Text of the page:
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Past attempts at energy efficiency?


mgbinspect
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I inspected a 1951 home yesterday with a basement packed to the gills with all kinds of old tools and equipment. The owner, who had passed, apparently really liked to tinker.

A couple things in particular came to the forefront as I tried to inspect this "tool time" museum:

About two weeks ago - I forget which thread - I had raised the question, "Why aren't (or weren't) there more after-market gadgets attempting to wring the heat out of the exhaust from furnaces and boilers? Well, lo and behold I ran across two of 'em both chocked on about 6' of oil-fired boiler exhaust - both abandoned, of course, so the brain trust was apparently right, they aren't useful.

Nonetheless, here they are:

The first one was a heavy gauge steel heat exchanger incorporated into the exhaust system with blower and ducts (the ducts have been removed).

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The second gadget was merely copper tubing coiled around the exhaust pipe with a metal jacket. I have no idea what he was doing with it, but it DID have a zone valve on it, so I don't think it had anything to do with a still...

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Those heat exchangers are fairly common around here, but I've never seen one that large. Here's my boilerplate: There is a heat recovery unit on the vent connector. These units cool the exhaust gasses, which can result in moisture condensing in the chimney, which can in turn cause deterioration of the chimney interior. The unit should be removed by a qualified HVAC technician.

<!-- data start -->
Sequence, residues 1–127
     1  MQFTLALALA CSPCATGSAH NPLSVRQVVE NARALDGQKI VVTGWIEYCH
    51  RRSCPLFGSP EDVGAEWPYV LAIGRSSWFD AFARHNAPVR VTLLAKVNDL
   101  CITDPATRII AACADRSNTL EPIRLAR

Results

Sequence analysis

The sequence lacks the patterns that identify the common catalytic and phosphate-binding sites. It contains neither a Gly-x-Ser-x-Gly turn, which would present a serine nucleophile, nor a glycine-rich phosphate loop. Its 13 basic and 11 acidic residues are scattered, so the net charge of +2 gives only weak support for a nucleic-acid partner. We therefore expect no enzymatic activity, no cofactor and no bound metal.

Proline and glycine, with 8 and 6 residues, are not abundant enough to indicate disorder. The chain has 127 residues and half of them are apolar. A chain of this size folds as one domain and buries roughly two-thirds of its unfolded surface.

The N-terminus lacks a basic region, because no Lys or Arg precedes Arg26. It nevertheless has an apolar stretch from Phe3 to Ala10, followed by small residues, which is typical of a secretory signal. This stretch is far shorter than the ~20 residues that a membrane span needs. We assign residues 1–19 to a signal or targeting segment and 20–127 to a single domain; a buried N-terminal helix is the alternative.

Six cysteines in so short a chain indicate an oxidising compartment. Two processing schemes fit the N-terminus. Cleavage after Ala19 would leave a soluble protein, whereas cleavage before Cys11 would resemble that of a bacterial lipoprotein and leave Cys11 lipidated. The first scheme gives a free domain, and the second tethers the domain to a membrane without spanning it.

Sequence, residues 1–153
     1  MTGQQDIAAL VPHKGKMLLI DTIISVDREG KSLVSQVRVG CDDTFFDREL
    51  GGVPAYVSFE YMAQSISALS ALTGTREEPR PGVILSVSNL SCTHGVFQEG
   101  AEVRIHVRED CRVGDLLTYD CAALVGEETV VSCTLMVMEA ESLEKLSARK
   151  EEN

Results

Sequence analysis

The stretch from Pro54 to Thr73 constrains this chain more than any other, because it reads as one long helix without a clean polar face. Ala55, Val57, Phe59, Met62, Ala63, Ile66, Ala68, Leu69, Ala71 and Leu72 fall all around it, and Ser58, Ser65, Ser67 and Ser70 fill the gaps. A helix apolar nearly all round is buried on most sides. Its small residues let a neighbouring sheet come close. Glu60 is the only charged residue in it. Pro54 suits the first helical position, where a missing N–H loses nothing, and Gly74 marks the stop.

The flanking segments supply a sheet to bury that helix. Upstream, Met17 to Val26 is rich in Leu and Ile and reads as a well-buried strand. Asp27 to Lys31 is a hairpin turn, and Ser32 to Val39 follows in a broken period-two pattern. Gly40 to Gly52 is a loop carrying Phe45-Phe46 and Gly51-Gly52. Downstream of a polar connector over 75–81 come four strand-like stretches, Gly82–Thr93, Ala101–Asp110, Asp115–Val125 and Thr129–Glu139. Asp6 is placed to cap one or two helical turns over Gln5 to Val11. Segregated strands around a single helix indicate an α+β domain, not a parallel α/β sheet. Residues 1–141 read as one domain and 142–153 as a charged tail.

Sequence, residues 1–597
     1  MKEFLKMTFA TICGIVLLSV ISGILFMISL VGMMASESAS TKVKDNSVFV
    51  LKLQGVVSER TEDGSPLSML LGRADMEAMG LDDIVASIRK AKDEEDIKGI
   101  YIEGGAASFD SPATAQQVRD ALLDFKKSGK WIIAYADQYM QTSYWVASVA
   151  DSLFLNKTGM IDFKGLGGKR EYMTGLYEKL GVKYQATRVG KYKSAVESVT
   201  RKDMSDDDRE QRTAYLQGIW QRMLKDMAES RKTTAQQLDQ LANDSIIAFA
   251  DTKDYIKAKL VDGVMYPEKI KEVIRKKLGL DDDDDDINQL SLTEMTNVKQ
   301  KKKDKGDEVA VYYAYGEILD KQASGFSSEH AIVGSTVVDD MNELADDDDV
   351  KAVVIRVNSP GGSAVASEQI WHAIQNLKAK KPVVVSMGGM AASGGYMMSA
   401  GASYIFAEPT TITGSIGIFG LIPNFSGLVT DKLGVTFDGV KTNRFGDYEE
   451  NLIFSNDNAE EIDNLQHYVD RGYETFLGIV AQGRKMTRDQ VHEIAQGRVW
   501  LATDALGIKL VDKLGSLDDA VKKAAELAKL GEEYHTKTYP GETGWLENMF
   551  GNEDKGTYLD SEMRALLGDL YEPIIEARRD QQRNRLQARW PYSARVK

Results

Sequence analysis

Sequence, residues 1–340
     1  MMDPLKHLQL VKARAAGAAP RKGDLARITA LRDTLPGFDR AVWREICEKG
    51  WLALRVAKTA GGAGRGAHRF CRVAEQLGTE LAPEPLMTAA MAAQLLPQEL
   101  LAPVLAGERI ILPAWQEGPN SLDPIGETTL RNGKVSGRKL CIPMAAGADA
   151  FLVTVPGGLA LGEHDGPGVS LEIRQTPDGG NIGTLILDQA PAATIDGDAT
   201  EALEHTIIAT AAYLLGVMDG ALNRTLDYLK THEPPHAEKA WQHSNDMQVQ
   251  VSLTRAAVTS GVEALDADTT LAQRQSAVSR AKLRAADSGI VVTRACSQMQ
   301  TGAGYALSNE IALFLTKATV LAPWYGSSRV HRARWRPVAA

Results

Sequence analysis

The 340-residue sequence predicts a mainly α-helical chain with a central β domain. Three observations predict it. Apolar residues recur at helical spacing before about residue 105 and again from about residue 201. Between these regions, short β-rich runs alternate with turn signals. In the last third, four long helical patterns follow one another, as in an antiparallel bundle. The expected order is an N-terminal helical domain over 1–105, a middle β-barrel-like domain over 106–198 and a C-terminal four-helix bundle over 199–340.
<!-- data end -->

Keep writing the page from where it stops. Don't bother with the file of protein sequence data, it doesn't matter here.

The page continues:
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...These units cool the exhaust gasses, which can result in moisture condensing in the chimney, which can in turn cause deterioration of the chimney interior. The unit should be removed by a qualified HVAC technician.[/i]

Thank much!

Yeah, I gathered from the other thread that it wasn't a good idea, but this was the first one I had actually seen. Impressive construction, though. That's some serious steel! I suppose thermal mass was the aim?

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That's some serious steel! I suppose thermal mass was the aim?

I don't know. In addition to not having seen one that large, I've never seen one constructed of welded plate like that. Maybe it was insurance against the thing rusting out and dumping exhaust gasses into the basement.

This is more like what I typically see - much lighter construction. This particular one handled both the water heater and the boiler. The problem of the smaller vent being below the larger one aside, venting both into that confined and obstructed box couldn't be good.

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Here's a different type, without a heat exchanger. It's just a fan in an enclosure that surrounds the vent connector.

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I'm no HVAC guy by any means, but to look at one and imagine the big picture, the heat transfer rate has to be minuscule. How much heat can one of these things capture in one foot with the volume of air that 's moving through it via a fan? I suppose had they been able to run a computer model, they'd have abandoned the project while it was still in design phase.

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